Your risk of thrombophlebitis increases if you:

  • Are confined to bed for a prolonged time, such as after surgery, after a heart attack or after an injury, such as breaking your leg
  • Have had a stroke that caused your arms or legs to be paralyzed
  • Have a pacemaker or have a thin, flexible tube (catheter) in a central vein, for treatment of a medical condition, which may irritate the blood vessel wall and decrease blood flow
  • Are pregnant or have just given birth, which may mean you have increased pressure in the veins of your pelvis and legs
  • Use birth control pills or hormone replacement therapy, which may make your blood more likely to clot
  • Have a family history of a blood-clotting disorder or a tendency to form blood clots easily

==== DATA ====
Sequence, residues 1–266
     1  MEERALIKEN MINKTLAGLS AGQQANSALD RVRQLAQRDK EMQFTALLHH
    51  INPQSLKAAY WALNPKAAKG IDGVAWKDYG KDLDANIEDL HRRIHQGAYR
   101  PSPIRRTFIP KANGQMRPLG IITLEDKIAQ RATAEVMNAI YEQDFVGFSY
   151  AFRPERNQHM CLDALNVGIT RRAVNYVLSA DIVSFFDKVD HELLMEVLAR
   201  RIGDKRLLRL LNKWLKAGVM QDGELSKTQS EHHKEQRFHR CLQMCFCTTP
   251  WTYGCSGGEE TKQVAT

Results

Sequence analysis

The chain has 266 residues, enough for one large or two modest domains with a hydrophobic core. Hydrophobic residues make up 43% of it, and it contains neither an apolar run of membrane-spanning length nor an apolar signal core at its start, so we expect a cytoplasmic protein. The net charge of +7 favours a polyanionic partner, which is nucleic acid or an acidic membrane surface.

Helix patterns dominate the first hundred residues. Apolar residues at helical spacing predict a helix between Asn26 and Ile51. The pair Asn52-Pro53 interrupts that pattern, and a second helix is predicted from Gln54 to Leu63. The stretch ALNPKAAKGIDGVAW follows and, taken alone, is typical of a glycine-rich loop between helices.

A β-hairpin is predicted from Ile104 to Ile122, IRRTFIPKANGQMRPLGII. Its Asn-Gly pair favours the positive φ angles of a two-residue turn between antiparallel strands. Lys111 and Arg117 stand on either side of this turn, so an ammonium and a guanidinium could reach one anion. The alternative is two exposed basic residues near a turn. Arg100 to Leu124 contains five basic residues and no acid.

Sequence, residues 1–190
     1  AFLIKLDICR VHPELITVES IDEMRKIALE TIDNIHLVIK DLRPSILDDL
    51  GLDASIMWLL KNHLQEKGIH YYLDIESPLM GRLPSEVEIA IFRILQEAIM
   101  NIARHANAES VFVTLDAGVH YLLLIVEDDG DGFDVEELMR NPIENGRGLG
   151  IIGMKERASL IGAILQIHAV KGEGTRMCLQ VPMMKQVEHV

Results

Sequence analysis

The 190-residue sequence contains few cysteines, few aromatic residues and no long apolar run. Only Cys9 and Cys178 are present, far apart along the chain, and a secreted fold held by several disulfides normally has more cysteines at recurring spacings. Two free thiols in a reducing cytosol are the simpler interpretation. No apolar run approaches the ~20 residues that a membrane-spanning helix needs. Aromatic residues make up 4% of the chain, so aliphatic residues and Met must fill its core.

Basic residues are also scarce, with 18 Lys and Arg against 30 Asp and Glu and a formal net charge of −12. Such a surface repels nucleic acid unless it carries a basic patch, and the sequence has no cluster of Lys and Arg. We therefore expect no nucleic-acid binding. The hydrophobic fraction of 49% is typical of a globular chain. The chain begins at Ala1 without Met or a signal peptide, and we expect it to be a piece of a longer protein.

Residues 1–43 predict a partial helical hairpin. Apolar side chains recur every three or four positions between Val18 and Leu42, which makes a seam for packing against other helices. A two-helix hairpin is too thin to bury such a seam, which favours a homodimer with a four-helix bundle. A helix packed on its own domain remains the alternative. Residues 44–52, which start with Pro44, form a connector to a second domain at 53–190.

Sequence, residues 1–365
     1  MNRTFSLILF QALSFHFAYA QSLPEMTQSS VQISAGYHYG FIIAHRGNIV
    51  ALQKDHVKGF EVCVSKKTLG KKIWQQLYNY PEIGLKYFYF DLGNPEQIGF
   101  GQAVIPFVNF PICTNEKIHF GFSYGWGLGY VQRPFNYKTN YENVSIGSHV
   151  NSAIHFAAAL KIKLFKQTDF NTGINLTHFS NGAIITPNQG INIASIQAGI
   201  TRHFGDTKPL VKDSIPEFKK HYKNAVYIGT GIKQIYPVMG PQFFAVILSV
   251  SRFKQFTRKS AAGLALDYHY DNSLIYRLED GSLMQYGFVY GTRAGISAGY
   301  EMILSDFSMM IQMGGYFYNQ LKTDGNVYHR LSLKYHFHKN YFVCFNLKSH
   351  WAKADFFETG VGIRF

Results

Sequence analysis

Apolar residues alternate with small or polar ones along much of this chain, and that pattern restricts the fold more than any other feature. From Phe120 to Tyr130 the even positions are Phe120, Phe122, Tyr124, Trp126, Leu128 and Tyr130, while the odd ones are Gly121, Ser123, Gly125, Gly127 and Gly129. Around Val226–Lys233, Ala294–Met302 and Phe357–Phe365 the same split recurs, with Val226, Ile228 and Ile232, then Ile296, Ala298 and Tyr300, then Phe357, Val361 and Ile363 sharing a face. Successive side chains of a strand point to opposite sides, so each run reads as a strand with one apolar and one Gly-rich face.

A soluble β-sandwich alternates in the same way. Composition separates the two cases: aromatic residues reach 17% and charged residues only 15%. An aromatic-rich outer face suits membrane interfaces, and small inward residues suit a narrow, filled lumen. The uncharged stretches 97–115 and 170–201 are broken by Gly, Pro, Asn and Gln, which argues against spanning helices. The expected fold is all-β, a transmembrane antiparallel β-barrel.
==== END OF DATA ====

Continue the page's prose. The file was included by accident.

• Are inactive for a long period of time, such as from sitting in a car or an airplane
  • Are older than 60
  • Have varicose veins, which are a common cause of superficial thrombophlebitis

The more risk factors you have, the higher your risk of thrombophlebitis. If you have one or more risk factors, be sure to discuss prevention strategies with your doctor before long periods of inactivity, such as after an elective surgery or during a long flight or car ride.

Feb. 22, 2014